In an eerie foreshadowing of her own fate Susan Hayward plays a wealthy
socialite with a fatal brain tumor in this reworking of Dark Victory.
The original is far superior but this has a lush production and some breath taking scenery of the Cornish coast, so beautiful you'll want to hop a plane and move there by the end of the picture, to recommend it.
Susie's customary strong performance is also a highlight but she doesn't get as deeply under the skin of the character of Laura Pember as Bette Davis did with Judith Traherne in the original.
Director Petrie doesn't have the artistic sensibilities of the original's Edmund Goulding so a certain tortured romantic feeling that was an underlying factor of the first film is missing from this.
Still for fans of Miss Hayward or plush dramas of the 50's-60's era this is an enjoyable way to pass a few hours.
In another ironic twist of fate Susan's next film was the tawdry but deeply satisfying Where Love Has Gone co-starring Bette Davis who was not pleased that Hayward had remade her personal favorite of her films. Bette stated before production had even begun "Some pictures SHOULDN'T be remade!!" surely stabbing the air with her omnipresent cigarette for emphasis. The two were cordial at the commencement of filming but soon set to squabbling over plot points and ended up more or less mortal enemies by the time the film was completed.
*** This review may contain spoilers ***
This film presents something of a dilemma for me. It stars my favorite
actress Susan Hayward so I'm already favorably disposed. But she's in a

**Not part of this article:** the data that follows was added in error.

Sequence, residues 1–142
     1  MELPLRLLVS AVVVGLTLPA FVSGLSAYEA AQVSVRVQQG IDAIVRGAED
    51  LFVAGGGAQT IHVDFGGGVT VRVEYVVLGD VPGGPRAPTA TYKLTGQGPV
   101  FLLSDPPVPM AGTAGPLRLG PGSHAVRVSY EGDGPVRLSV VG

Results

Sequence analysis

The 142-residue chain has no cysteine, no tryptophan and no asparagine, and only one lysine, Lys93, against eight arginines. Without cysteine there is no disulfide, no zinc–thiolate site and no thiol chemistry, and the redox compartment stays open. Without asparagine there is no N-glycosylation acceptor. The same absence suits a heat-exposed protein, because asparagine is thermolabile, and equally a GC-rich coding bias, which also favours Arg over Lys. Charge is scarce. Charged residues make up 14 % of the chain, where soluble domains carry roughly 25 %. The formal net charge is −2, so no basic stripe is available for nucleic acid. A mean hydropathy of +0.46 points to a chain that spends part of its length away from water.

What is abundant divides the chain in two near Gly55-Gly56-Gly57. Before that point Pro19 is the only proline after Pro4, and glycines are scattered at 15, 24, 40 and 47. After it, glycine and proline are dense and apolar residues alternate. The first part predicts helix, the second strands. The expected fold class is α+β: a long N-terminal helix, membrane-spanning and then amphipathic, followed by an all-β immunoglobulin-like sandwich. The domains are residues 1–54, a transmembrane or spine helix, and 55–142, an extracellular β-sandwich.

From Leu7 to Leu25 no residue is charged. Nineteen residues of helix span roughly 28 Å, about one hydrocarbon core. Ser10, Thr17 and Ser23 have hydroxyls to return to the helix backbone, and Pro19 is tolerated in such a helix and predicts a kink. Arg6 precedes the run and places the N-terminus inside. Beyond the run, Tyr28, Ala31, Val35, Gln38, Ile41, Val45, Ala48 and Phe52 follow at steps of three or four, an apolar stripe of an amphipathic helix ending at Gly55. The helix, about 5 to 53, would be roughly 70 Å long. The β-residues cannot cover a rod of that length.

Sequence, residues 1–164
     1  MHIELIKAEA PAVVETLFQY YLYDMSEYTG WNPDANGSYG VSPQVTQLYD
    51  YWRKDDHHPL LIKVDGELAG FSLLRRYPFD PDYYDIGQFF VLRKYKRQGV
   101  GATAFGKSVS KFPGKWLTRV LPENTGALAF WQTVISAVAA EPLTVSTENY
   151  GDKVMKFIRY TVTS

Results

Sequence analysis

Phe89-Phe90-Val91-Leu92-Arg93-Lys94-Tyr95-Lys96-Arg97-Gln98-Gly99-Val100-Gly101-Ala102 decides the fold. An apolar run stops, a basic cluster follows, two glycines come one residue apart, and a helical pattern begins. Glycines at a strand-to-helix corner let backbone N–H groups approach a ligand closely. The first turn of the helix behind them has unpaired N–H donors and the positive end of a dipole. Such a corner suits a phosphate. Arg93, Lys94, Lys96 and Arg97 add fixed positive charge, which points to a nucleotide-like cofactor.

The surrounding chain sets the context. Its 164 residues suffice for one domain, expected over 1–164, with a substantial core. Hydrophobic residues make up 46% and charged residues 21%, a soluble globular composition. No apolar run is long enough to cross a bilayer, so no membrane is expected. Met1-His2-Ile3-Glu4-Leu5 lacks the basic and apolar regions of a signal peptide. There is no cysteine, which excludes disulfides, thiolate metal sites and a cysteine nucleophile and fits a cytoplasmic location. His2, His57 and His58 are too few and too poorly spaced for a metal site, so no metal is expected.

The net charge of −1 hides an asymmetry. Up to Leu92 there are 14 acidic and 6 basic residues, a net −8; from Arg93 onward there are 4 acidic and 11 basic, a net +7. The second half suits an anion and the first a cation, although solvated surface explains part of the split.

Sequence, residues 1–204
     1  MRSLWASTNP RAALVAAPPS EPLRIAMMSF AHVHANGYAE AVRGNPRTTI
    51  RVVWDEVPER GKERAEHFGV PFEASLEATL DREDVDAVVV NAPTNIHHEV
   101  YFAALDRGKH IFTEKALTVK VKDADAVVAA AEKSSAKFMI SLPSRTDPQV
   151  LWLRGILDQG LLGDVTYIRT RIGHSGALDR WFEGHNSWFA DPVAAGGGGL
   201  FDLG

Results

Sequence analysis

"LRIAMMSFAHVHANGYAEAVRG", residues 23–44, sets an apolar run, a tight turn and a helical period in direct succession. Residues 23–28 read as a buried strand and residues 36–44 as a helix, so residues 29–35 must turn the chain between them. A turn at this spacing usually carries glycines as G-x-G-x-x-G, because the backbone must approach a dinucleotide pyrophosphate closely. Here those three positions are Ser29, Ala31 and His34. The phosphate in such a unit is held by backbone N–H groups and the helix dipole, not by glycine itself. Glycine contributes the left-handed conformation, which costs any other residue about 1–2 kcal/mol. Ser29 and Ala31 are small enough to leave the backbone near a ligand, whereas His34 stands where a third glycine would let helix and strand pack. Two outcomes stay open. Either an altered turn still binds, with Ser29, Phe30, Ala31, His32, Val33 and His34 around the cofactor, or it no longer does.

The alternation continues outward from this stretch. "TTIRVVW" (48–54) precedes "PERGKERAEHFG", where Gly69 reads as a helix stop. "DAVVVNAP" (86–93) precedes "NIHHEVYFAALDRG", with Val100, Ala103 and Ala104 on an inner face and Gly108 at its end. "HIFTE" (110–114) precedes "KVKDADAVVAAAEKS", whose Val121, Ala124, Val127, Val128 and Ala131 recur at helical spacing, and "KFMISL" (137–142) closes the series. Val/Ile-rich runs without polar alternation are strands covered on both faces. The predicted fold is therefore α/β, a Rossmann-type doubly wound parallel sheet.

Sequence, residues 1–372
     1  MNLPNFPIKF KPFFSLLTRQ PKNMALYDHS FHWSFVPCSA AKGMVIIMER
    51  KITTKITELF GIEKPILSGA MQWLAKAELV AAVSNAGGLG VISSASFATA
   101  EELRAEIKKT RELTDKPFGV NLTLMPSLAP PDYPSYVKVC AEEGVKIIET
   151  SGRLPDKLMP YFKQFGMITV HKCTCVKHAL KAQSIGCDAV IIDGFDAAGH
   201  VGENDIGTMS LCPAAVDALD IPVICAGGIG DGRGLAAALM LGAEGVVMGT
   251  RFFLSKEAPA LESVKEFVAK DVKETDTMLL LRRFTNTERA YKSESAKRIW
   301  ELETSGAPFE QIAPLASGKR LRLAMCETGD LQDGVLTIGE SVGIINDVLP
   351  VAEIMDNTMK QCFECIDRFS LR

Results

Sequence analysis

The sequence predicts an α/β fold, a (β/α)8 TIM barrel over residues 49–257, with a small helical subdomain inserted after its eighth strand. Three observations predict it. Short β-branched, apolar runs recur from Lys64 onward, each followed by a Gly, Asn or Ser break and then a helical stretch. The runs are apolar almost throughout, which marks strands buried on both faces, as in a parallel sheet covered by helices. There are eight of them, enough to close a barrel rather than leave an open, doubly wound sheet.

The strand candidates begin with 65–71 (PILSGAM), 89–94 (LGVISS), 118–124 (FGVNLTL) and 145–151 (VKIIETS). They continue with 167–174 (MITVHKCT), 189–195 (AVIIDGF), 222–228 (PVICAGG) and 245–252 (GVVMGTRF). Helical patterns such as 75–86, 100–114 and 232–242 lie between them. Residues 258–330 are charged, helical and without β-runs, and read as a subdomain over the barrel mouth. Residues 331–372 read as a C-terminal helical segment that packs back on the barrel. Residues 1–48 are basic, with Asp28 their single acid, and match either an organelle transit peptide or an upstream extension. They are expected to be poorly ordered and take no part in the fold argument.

remake in a role made famous by another screen icon, Bette Davis and
it's a part that I gave the highest rating possible for. It is in fact
my favorite Bette Davis film.
No home run for Susan, but a nice and more than respectable triple for Stolen Hours which is an updated remake of Dark Victory. This film is also relocated from the Long Island horsey set to swinging London of the Sixties.
Hayward plays the heiress who's erratic behavior has got boyfriend Edward Judd who is in the racecar driving business all kinds of concerned. He calls in famed neurosurgeon Michael Craig who with a reluctant Hayward diagnoses her brain tumor.
If you've seen Dark Victory you know how this all turns out. Hayward successfully puts her own individuality on the tragic role. Her Laura Pember is older than Bette's Judith Traherne, this is a woman who has lived longer and with more excess than Davis did in Dark Victory.
Two ironic things about Stolen Hours. First Susan Hayward's next film would be When Love Has Gone and she would be daughter and mother with Bette Davis. Not the best film for either of them, still it's a one time only to see two of the very best ever working together.
And as her legion of fans know Susan Hayward eventually died of a brain tumor. One can hope that life imitated art and her death resembled what she portrays here.
It's not Dark Victory, but Susan Hayward comes home with a winner in Stolen Hours.
*** This review may contain spoilers ***
She really wanted to live. Life is worth living. Wonderful themes to
this remake of Bette Davis's 1939 vehicle "Dark Victory."
While "Summer Flight," or "Stolen Hours" is a good picture, obvious comparisons will have to be made regarding the Bette Davis film. Hayward is vulnerable here as she usually was in a career essentially about playing troubled women. When she learns her fate, she walks around in that daze just as she did when David died in "I'll Cry Tomorrow."
Davis was more exciting in the part. Her outbursts of despair were more realistic than Hayward here. Although both women settled down and accepted their fate, you felt it more with Davis surrounded by Geraldine Fitzgerald, George Brent, Bogart, Ronald Reagan and others. The supporting cast does not do that here. Diane Baker was brought in to play Hayward's sister. She doesn't have the scenes to express the emotional turbulence of Fitzgerald.
The dialogue in 'Hours' is very much predictable. When Hayward speaks to her doctor-lover, she states: "When you open my head tomorrow, make sure to put some sense into it."
How different that Hayward's dying scene is with children in the house. How ironic that the same illness would claim Susan Hayward 12 years later.